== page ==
Wednesday, June 21, 2017

Coca-Cola plants a greener future in Hinatuan

Along the rocky terrain of Mindanao’s eastern coast, in the town of Hinatuan, Surigao del Sur, is a lush 10-hectare community farm that has been cited as one of the model farms by various government agencies, including the Department of Agriculture (DA). Despite the unpredictable weather, which includes month-long monsoon rains and even longer dry spells, the farm has yielded fruits and vegetables beyond what the land and its surrounding areas has ever seen.

Arsocena Cabiling, farmer and mother, holds up harvested corn in their fields in Hinatuan, Surigao del Sur.

This verdant bounty and pockets of rain forests belies the fact that most of Hinatuan lies on limestone bedrock. The constant salty winds blowing from the Pacific Ocean, alongside the lack of access to fresh water has contributed to the less than ideal environment for agricultural cultivation and has restricted most farming activities to coconut and corn production. The lack of water source also discounts the possibility of livestock-raising.

“In 2012, we decided to farm better with the assistance from various stakeholders. We made sure that every help we received would be maximized,” said Arsolino Cabilin, chairman of the Tagasaka Coconut Farmers Association (TACOFA).

In that same year, TACOFA became a recipient of the Coca-Cola Agos Program in partnership with Alternative Indigenous Development Foundation, Inc. (AIDFI). Through this project, the community was able to effectively shift to a more sustainable farming system – organic farming.

The Coca-Cola Agos Program installed a modified version of a simple technology called ram pump that allows lowland water to be brought to elevated areas without the need for electricity.

Making barren landscapes lush with the Coca-Cola Agos Program

“The unpredictable weather made it difficult for us to veer away from planting only coconuts and corn. There were times when it would suddenly have three weeks of no rain, sometimes it would stretch for two and a half months. Vegetables could not hold it out that long without rain,” said Dina Bayarcal, a TACOFA member and former treasurer. “We would fetch water from the river and manually bring it to the farm and water the plants. That’s the only thing we would do the whole day during a dry spell,” Bayarcal added.

Large tracts of land are now watered in more efficient ways with the help of the ram pumps that draw water from the river.

With the availability of water through the ram pumps, TACOFA was able to diversify its crops that now include cantaloupes, watermelons, soybeans, corn, coconuts, and other vegetables that are grown throughout the year. The association is even putting up a coco fiber rope and coir (coconut fiber) production facility.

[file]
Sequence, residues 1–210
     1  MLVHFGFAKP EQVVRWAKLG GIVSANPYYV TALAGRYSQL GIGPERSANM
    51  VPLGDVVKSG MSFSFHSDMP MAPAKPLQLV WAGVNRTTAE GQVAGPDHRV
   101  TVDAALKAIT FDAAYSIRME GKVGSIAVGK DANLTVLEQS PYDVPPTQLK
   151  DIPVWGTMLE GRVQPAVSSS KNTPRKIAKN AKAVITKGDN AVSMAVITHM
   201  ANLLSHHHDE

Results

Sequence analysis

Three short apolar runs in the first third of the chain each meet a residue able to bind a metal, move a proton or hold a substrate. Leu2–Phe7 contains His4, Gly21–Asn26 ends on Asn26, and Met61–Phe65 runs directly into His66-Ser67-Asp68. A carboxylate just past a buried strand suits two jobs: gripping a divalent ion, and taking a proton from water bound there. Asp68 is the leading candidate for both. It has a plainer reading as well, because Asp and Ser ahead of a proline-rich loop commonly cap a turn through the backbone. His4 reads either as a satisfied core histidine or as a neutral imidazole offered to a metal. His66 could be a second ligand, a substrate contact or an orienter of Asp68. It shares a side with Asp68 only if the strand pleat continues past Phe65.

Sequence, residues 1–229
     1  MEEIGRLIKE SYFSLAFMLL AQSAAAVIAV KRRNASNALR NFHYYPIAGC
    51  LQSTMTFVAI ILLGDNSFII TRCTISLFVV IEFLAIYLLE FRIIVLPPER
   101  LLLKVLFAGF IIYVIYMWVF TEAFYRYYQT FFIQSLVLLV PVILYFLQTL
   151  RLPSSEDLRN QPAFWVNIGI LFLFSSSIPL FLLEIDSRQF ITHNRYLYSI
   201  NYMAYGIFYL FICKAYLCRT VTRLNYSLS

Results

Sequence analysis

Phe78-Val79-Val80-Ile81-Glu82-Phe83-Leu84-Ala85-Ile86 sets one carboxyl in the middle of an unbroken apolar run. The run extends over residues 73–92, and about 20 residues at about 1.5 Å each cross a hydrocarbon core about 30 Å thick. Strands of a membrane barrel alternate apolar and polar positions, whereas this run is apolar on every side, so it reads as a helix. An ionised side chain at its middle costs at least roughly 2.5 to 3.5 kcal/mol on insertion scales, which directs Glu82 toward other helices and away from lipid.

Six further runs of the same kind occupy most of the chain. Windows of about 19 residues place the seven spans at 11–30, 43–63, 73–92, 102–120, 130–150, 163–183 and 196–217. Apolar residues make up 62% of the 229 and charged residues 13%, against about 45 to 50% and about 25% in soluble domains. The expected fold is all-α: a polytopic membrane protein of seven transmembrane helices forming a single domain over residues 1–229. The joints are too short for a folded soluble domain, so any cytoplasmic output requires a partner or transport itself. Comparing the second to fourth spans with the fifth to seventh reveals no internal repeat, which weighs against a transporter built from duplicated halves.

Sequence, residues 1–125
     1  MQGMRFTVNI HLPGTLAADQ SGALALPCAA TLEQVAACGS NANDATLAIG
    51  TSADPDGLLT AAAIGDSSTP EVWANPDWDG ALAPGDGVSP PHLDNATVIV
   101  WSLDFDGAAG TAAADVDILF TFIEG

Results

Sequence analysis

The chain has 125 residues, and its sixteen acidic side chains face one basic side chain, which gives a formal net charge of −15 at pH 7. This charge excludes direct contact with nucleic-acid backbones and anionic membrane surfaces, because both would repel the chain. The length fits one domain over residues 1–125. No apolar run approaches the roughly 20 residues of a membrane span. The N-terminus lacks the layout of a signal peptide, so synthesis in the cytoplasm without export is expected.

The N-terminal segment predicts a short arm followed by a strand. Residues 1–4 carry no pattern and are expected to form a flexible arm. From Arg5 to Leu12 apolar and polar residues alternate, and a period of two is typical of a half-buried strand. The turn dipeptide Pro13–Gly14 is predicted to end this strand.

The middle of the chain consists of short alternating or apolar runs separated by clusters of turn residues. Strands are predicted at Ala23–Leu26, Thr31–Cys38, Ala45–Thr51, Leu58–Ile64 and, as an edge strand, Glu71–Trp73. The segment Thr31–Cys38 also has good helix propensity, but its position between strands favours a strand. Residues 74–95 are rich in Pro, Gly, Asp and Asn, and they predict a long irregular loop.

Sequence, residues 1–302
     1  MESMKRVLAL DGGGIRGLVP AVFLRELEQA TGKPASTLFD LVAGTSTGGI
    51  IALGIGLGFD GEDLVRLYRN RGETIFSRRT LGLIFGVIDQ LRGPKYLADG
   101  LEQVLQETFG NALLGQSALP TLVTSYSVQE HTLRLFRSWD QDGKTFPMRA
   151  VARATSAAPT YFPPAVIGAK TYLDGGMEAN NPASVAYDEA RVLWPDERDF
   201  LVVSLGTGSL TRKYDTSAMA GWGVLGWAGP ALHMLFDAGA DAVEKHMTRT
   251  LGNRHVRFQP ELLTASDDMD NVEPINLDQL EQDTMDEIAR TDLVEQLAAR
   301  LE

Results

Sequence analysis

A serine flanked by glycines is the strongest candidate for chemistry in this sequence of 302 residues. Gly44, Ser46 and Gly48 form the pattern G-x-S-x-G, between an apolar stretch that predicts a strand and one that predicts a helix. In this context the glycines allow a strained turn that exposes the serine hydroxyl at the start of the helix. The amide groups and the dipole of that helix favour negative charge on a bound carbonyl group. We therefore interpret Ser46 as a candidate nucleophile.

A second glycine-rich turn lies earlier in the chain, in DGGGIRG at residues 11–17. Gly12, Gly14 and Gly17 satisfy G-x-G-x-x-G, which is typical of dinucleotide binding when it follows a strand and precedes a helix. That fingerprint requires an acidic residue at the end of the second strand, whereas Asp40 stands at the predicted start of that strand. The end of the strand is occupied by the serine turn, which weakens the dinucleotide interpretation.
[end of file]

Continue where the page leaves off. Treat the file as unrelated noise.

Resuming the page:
Today, TACOFA membership has grown to over 100 farmer members tilling and developing the 10-hectare land, tapping its water source from the Coca-Cola Agos Program. The organization even plans on leasing some of the neighboring farms in order for them to expand their production.

“With a secure source of water, through the Coca-Cola Agos ram pumps, we were able to think of ways on how to better improve the way we farm. Access to water opened us to an endless possibility of options on what we can plant and raise,” said Cabilin. “We are also looking at ways on how we can further add value to our products.”

This year, the association has completed its coco coir production facility that would enable them to produce ropes, fiber mats, and coir logs – natural and biodegradable ways of preventing soil erosion, and contour farming. Tagasaka’s coconut nurseries have even boosted its contribution to the Department of Agriculture’s continuing effort to rehabilitate the ageing coconut industry, with seedling mortality rates now reduced from 55 to 20 percent.

Coca-Cola Agos Program: A gift to the next generation

Colorful murals are painted on the exterior walls of the water reservoir of Coca-Cola Agos Program.

TACOFA serves as the association for managing the Coca-Cola Agos Program after the ram pumps were turned over to the community. As the recipient organization and on behalf of the whole community, they are responsible for the maintenance and assurance that the ram pumps will continue to serve its purpose. Prior to the turn-over, TACOFA underwent workshops and orientations conducted by AIDFI on how to maintain and manage the ram pump as well as their natural environment. Two members of the organization also underwent hands-on mechanical training and have been certified by AIDFI to maintain the ram pumps for the community.

The organization serves as the unifying body for all household and farm recipients of the Coca-Cola Agos Program. They work hand-in-hand in taking care of the gift of water brought about by the installation of ram pumps for their community. They envision the project to serve the water needs of now and preserved for the next generations of TACOFA members.

“The Coca-Cola Agos ram pump is a gift to us, and it will be our gift to the next generation. Today, we will show the people the many ways one can farm; we will show those who have given much to us that we are grateful for their gift,” said Cabilin. “And we will show the next generation that with hard work, perseverance, and unceasing faith, things can and will be better.”

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